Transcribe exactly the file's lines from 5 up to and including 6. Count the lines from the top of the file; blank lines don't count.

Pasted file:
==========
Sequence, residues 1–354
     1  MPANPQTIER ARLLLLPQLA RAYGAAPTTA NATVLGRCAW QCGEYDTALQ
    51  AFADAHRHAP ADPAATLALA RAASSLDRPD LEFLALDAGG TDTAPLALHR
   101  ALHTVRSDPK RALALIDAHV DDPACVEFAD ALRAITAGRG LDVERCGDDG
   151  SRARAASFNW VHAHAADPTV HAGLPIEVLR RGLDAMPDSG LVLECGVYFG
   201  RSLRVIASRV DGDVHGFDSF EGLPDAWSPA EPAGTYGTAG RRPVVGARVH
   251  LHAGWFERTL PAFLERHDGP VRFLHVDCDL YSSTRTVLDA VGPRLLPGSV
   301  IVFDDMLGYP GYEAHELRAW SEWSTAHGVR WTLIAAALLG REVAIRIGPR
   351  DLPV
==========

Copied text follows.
   151  SRARAASFNW VHAHAADPTV HAGLPIEVLR RGLDAMPDSG LVLECGVYFG
   201  RSLRVIASRV DGDVHGFDSF EGLPDAWSPA EPAGTYGTAG RRPVVGARVH